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Begins: Sep 19, 2009
Date: Mon, Nov 16th, 2009
Daily Distance: 0
Trip Distance: 777.2
Entry Visits: 3,440
Journal Visits: 36,000
Guestbook Views: 1,385
Guestbook Entrys: 32
My thoughts on the AZT
Here's a summary of my thoughts on the AZT and hopefully some helpful information for future hikers:
2014 Update: I thought I’d reevaluate what I wrote below in 2009. I’m not super focused on the AZT anymore since I’ve already hiked it, but I generally know what’s going on with the trail. The biggest change in the last 5 years is maps and guidebook. In 2009 the guidebook was super old and the maps within it still had a lot of dotted lines denoting a possible future route that was now generally actually the trail. These days, there is a brand new guidebook and also a mapset developed by the AZT and Brett Tucker. I’ve haven’t seen the maps, but I used Brett’s maps for his Grand Enchantment Trail and can vouch that his maps are great so I’m sure the AZT maps are great too. The other big change is probably a much improved trail condition. In 2009, the trail was challenging, but not crazy or anything. I hiked the Grand Enchantment Trail in 2014 which shares about 80 miles of the AZT. I was amazed by how good condition the AZT was in. Also, there seemed to be a fair number of new trail miles where in 2009 I might have been on a dirt road or cross country. The AZT seems to have a pretty good volunteer base and I think the trail overall is just in a lot better shape these days which is great to see.
DOESN'T THE DESERT SUCK?
This trail has more beauty and more variety than you can possibly imagine. I promise that you will walk away amazed at what Arizona has to offer. I was blown away.
WHEN TO GO:
I did a Fall Southbound hike. South makes sense to beat the cold in the north and the heat in the south. The main benefit of a Fall hike is that the first 200+ miles to Flagstaff are pretty damn easy. The climbs are gradual (like 3,000 over 30 miles) and the trail is exceptionally well marked. The south is pretty damn hard and not as well marked so starting in the north was nice. Also, I had a very good weather (see below). The major drawback is water (see below). This alone may be a good reason to go in the Spring, but don't count out a Fall hike just because of water. I did it and others have done it before.
I don't know much about a Spring northbound hike, but since 90% of the hikers do that I'm assuming it's the way to go. Water will clearly be a lot better. Don't know about weather and other factors.
I really did like a Fall hike. There was practically no one else out there and the colors were incredible. I just don't know how it compares to Spring.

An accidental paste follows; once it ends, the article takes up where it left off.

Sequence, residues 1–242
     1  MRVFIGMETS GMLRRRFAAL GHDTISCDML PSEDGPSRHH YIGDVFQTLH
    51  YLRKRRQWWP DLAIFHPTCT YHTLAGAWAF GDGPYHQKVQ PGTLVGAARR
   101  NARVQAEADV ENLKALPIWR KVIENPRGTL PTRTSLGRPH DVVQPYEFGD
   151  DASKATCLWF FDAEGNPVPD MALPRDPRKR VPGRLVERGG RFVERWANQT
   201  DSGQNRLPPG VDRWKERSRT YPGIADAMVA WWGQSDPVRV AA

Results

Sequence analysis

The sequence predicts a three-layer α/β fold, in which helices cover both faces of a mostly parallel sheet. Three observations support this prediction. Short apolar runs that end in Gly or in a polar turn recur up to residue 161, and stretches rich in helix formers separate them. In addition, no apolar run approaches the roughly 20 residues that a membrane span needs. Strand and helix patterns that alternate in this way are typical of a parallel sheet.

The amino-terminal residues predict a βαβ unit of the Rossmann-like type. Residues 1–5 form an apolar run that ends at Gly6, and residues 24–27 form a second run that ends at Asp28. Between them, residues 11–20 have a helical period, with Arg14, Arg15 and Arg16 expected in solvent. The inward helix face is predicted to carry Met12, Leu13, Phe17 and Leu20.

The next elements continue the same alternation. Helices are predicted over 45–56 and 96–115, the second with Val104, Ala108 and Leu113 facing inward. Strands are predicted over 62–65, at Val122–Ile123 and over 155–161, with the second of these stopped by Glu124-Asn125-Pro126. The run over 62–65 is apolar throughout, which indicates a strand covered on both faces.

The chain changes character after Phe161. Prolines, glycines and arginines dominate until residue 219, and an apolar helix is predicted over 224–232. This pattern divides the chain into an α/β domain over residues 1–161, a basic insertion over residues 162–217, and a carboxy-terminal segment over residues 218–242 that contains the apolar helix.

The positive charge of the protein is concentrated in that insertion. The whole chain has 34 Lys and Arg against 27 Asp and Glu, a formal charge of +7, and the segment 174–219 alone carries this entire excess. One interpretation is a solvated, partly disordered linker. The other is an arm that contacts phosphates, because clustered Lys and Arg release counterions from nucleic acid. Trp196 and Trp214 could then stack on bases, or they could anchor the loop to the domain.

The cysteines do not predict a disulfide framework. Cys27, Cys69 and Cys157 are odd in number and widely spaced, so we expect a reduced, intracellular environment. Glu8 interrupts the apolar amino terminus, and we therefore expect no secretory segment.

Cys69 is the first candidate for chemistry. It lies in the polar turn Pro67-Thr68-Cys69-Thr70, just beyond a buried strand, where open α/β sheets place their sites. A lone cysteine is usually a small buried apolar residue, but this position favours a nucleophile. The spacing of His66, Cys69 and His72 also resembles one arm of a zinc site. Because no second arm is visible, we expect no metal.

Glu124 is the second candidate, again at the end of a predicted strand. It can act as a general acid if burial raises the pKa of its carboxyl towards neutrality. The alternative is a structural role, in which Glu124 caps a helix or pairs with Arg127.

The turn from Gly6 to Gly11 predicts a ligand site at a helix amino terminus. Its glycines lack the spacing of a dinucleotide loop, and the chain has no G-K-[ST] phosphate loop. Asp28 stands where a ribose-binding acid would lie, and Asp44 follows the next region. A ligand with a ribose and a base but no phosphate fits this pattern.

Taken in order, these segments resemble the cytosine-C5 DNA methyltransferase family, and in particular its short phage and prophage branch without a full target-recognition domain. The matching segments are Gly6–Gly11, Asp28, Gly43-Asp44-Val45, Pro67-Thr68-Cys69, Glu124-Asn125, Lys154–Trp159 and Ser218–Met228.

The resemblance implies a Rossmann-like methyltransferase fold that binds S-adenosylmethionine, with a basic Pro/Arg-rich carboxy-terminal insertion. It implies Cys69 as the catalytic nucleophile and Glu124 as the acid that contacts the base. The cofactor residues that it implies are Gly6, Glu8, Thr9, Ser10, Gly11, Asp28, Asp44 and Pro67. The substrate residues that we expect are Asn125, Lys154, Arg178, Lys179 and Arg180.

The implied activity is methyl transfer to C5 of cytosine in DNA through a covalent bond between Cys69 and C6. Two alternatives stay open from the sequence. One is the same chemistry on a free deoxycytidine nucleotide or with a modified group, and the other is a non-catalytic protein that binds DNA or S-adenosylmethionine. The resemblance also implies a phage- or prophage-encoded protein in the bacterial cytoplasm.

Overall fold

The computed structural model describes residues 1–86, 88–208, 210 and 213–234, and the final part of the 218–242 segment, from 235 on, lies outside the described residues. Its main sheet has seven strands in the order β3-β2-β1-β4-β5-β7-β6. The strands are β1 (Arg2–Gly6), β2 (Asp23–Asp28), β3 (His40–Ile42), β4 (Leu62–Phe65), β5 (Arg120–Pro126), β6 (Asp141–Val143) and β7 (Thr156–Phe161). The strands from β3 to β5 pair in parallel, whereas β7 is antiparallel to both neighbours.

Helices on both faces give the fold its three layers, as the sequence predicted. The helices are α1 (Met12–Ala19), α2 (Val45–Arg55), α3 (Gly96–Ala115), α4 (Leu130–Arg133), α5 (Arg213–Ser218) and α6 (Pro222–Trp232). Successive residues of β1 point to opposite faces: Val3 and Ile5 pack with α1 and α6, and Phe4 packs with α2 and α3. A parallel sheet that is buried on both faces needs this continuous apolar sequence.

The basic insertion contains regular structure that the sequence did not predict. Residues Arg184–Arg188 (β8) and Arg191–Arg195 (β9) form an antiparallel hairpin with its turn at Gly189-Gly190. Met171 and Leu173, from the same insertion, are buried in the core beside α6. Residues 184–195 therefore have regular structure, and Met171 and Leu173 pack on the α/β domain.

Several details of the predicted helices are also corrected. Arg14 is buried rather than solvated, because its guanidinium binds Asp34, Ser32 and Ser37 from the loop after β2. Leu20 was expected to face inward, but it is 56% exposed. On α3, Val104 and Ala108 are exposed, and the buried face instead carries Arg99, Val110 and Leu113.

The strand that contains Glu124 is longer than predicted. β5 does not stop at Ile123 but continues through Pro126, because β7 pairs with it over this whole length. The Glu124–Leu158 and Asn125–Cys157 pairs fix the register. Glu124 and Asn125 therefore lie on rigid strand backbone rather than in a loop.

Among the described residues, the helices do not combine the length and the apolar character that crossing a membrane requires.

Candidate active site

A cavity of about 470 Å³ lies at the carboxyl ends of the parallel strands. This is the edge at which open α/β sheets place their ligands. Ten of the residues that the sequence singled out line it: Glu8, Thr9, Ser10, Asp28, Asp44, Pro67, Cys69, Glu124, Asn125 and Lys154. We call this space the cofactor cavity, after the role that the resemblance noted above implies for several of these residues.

First off, lower your standards! A Fall hike is tough. Many, many of the running water sources (springs, creek) are completely dry. Many of the cattle tanks are either dry or low. The water report is extremely helpful by lisitng all of the potential sources, but was fairly limited in helping me figure out where there might be water. The "current" water report is only as good as the hikers who hike and report to Fred. For me all of the sources had info. dating 4-5 months back which is an eternity in the desert and over a summer. The "historical" water report I found difficult to interpret for Fall. Every year is so different and I found that most of the time it was tough to tell what was reliable.
With all that being said, I survived just fine. I never carried more than a gallon, although I did carry a gallon a lot of times (keep in mind that you may need more....I tend to do better than most without water). Also, I had very, very low standards. I pretty much drank everything and everything included some pretty bad water. There are almost no caches on the trail, but several times I ran across a gallon or so that someone had randomly left for AZT hikers. Also there are hunters and vehicles occasionally on dirt roads. I tried not to take big risks, but I also tried not to carry an insane amount of water. I walked a very fine line and occasionally it was stressful.
This was way better than expected. I think the ATA and volunteers have been out in droves the last few years finishing the trail and marking it better It's certainly not like the AT or PCT, but it was also much better than expected.
I think my best tip would be to have a "keen eye" for the trail. The trail can be very vague at times and follow cairns or the occasional post. I found myself almost subconsciously following the correct trail and knowing when I was off it. It's an acquired skill that you have if you've done a lot of hiking. The other tip would be to just know which direction you should be going. I found myself navigating a lot by the sun and knowing which way I was walking versus which way the map said I should be walking. Of couse if I really thought I had an issue I would look at the maps in more detail. I only got myself in a bad spot once.
I can't say staying on the trail was easy by any means, but I also think it is a lot better than what you might read in past journals.
In my opinion staying on the trail is much easier than going cross country. When you find yourself off the trail (which you will a fair amount) resist the urge to just take off cross country to get back on. The desert is deceiving and can be very slow and very painful to walk through. 90% of the time when I was off trail I stopped, looked around and either spotted a cairn in the distance or backtracked a minute and found where I had gotten off. This was way better than bushwacking. What about the other 10%? Bushwack and love it!